How are you leading? Whose advice do you seek? Do you choose humility or pride? 

Let’s give praise to Jesus today for being our perfect King! 

2 Chronicles 7-8

“When Solomon had finished the temple of the LORD and the royal palace, and had succeeded in carrying out all he had in mind to do in the temple of the LORD and in his own palace, the LORD appeared to him at night and said: “I have heard your prayer and have chosen this place for myself as a temple for sacrifices.” (7:11-12)

After a massive 3 week dedication celebration in front of the entire nation, Solomon goes home and God meets him, one on one. I cherish this about the LORD. Not only is He powerfully in our corporate midst, but He is also incredibly personal. He meets with Solomon, even though he’s not a priest. 

He gives Solomon insight into what to do when things go wrong, when they’re not relishing in a magic moment, happily headed home:

“if my people, who are called by my name, will humble themselves and pray and seek my face and turn from their wicked ways, then I will hear from heaven, and I will forgive their sin and will heal their land.” (7:14)

Healing follows humility; being honest with ourselves, and God, about the rabbit hole we’ve fallen down, the things we get carried away with, the good things that become idols. Sometimes it’s hard to see, and often times it’s even harder to admit. 

As an American, I feel I always need to watch myself with the idols of safety, security and comfort. These are good things, but if they become the bosses of my life, making decisions for me, they’ve got to be recognized and thrown out for what they are: idols. 

Idolatry doesn’t have to be outright. Behind every god in Canaan was the “promise” of something every human desires: food (rainfall in the right times for a good harvest), family (stability, sex and fertility), and favor (success and victory over enemies). Of course God promised to provide those things, if they remained faithful to Him, but doing things the way “everyone else does” starts to make the most sense after awhile.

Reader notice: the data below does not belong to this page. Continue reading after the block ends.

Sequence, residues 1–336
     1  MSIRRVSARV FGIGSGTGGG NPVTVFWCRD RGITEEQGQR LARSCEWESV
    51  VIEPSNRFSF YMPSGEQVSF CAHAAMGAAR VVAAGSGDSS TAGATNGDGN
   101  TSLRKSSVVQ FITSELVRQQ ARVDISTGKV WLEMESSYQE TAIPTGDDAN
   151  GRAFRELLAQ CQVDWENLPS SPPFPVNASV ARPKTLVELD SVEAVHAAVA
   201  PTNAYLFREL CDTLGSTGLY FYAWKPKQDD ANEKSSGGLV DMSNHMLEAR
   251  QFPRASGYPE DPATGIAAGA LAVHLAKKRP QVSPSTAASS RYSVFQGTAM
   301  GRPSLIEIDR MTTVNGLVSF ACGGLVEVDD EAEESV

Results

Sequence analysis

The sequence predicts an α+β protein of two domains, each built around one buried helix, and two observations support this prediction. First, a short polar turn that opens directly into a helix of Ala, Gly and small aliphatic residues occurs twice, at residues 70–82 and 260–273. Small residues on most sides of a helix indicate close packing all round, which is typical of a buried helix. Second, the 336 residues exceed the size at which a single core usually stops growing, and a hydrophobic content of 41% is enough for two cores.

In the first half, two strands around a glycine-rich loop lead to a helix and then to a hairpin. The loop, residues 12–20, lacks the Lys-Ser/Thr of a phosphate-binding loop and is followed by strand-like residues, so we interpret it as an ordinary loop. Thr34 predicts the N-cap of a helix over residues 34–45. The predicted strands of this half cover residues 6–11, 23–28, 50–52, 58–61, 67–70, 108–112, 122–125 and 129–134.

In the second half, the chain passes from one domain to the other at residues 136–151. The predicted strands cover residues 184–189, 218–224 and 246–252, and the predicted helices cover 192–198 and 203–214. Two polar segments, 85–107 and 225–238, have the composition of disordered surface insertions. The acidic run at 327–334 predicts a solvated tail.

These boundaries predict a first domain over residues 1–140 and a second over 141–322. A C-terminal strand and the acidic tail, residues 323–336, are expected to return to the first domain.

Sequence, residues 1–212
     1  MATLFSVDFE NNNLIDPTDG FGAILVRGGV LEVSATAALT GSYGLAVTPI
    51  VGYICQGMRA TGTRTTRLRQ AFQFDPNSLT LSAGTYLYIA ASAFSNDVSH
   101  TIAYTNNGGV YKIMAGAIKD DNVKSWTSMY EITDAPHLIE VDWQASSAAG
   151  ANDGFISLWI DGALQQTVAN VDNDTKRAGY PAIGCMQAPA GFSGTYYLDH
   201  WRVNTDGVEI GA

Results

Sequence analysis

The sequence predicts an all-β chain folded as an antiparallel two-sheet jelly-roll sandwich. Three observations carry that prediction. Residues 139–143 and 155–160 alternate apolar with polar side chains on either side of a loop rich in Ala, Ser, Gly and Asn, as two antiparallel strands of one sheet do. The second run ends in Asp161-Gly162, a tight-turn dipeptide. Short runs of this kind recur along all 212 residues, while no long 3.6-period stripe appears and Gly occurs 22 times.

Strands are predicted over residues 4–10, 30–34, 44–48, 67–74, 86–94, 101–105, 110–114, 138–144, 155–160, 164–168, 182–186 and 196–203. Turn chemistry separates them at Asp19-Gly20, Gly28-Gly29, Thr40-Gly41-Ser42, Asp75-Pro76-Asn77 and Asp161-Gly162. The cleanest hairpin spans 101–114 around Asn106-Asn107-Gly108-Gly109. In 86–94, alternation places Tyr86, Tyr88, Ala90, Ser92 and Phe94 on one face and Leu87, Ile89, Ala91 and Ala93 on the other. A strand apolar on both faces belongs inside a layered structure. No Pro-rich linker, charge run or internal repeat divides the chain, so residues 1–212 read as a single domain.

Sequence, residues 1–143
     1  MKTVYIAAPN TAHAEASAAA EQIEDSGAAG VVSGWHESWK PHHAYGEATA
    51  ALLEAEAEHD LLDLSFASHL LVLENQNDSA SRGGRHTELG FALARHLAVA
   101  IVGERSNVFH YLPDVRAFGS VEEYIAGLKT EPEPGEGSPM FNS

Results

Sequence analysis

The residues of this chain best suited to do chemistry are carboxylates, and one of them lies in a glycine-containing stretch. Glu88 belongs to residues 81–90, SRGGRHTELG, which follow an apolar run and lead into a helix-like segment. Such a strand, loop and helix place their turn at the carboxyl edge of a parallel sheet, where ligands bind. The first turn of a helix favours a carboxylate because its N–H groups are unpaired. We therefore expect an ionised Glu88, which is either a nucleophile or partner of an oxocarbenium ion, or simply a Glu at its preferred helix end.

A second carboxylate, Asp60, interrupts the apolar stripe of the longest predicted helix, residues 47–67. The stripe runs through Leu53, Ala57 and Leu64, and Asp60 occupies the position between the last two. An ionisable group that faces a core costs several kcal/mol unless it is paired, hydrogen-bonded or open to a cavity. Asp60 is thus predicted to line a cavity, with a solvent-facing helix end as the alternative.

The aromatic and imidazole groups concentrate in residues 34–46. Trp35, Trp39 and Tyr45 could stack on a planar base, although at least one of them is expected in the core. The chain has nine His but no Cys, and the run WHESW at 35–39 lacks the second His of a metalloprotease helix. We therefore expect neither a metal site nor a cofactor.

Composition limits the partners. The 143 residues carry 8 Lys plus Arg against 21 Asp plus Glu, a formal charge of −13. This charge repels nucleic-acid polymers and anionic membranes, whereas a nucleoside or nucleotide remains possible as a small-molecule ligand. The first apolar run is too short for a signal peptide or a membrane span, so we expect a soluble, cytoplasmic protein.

So God, knowing the tendency of man, tells Solomon what to do when people start wondering why it’s not raining: Humble yourselves, be prepared to be wrong. Look at me, admit you’ve been looking elsewhere, and give it up. Pretty simple. He does all the heavy lifting after that.

I am thankful for the closeness of God, even after everyone goes home and I’m alone. I’m thankful for the grace of God, who lets me start over after I’ve made a mistake. I’m thankful for the power of God, who is able and ready to heal an entire nation. He’s amazing, right? 


2 Chronicles 5-6

“O Lord, God of Israel, there is no God like you in all of heaven and earth. You keep your covenant and show unfailing love to all who walk before you in wholehearted devotion.” (5:14a)

Amen to that. I love how Solomon gives praise to God after His holy presence fills the Temple. 

“But will God really live on earth among people? Why, even the highest heavens cannot contain you. How much less this Temple I have built! Nevertheless, listen to my prayer and my plea, O Lord my God. Hear the cry and the prayer that your servant is making to you. May you watch over this Temple day and night, this place where you have said you would put your name. May you always hear the prayers I make toward this place. May you hear the humble and earnest requests from me and your people Israel when we pray toward this place. Yes, hear us from heaven where you live, and when you hear, forgive.” (7:18-21)